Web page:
Doom and gloom stories of a pending recession, persistent inflation and monetary tightening that so weighed on investor sentiment in June have since been replaced by a more supportive “peak inflation and soft landing” narrative. Such hope has been fuelled by a flurry of good news, notably a stronger-than-expected US July employment report (reducing the odds of an imminent recession), an overall decent – and certainly better-than-feared – earnings season, and the lower-than-anticipated US July CPI reading.
Can this optimism last? We are sceptical. While there were good reasons for a summer respite, with investor positioning and sentiment having reached overly pessimistic levels in mid-June, we now suspect that markets are somewhat ahead of themselves. Fed’s Chairman Powell opening speech at the Jackson Hole Economic Symposium just confirmed our views: inflation rates will likely remain too high to afford central bankers the luxury of turning dovish in the foreseeable future. In fact, Fed officials are still discussing a much more hawkish path for rates than investors were anticipating. In addition, the recent easing in financial conditions may be self-defeating (assuming it even lasts), as central banks are then liable to lean more easily on the hawkish side. Finally, growth momentum is not expected to improve anytime soon and further earnings downgrades can be anticipated as the economy slows. Indeed, China is still struggling to recover from its Covid/crackdown/real estate-induced slump, while leading indicators continue to trend down in developed markets.
The combination of a still pandemic-distorted economy and a challenging geopolitical context means that uncertainty remains high, with a much wider distribution of outcomes than usual. The only good news truly to be cheered is that some tail risks have receded, particularly with regards to an imminent growth accident because of overly aggressive monetary policy. Unfortunately, there is not yet strong enough evidence that we are out of the woods. Until the monetary policy and inflation trajectories become clearer, likewise the timing, duration and severity of the next recession, we expect further bumpiness in global equity markets and rates.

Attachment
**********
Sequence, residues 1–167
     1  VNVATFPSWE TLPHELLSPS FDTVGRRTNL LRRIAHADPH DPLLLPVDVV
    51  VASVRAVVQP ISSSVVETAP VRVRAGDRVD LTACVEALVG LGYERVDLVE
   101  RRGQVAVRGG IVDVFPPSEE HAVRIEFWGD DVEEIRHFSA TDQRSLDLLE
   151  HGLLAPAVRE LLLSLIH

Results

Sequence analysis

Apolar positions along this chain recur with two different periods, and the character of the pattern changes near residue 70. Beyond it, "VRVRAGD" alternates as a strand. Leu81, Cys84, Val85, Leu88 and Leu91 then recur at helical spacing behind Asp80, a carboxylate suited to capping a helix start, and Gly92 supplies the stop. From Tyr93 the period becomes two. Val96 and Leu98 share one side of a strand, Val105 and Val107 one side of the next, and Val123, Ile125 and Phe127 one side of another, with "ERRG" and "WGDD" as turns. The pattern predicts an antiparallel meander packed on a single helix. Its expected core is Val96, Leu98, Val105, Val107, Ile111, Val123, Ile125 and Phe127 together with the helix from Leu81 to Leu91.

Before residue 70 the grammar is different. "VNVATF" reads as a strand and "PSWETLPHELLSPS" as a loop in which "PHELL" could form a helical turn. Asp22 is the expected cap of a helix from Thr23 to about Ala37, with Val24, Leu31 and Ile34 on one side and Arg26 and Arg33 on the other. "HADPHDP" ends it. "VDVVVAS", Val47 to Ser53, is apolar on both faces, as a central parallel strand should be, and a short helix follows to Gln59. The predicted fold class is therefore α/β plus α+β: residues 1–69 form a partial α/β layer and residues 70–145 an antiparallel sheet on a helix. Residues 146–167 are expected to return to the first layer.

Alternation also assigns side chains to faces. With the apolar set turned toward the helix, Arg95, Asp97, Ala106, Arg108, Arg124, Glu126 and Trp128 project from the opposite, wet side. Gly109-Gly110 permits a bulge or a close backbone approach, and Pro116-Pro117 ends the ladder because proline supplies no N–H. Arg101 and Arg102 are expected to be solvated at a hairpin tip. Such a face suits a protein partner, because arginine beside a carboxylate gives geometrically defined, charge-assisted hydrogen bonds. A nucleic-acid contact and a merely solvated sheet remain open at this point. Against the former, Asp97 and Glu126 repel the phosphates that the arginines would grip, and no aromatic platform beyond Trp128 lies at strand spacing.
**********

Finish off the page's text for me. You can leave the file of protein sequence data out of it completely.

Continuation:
While investor sentiment and positioning were extremely bearish back in mid-June, some form of complacency currently seems to prevail. As such, just as we did not cut risk further going into summer, we have decided to not chase the recent rally, preferring to stick to a prudent near-term approach. At the portfolio level, this means keeping our asset allocation unchanged for now, with a slight underweight of both global equities and bonds.
In equities, consistent with a higher risk premium and still limited earnings visibility, we may opportunistically implement some protections (put options) if the fairy tale endures. Meanwhile, although maintaining a balanced, multi-style, all-terrain approach to portfolio construction, we adopted last month a slightly more defensive high-quality equity allocation and selection. In fixed income, we stick to our guns, favouring the short end of the curve globally and investment grade quality names, to mitigate overall portfolio volatility.
Elsewhere, we keep an overweight stance on gold and a slight tactical underweight of other materials (i.e. industrial metals and energy), due to downside cyclical risks. Finally, we still believe that USD strength is coming to an end (slight underweight), as other major central banks gradually catch up with the Fed’s tightening intentions in order to tame record high inflation. In this context, the CHF remains our favourite currency, supported by still-solid structural fundamentals and the SNB’s hawkish stance.
Written by Fabrizio Quirighetti, CIO & Head of Multi-Asset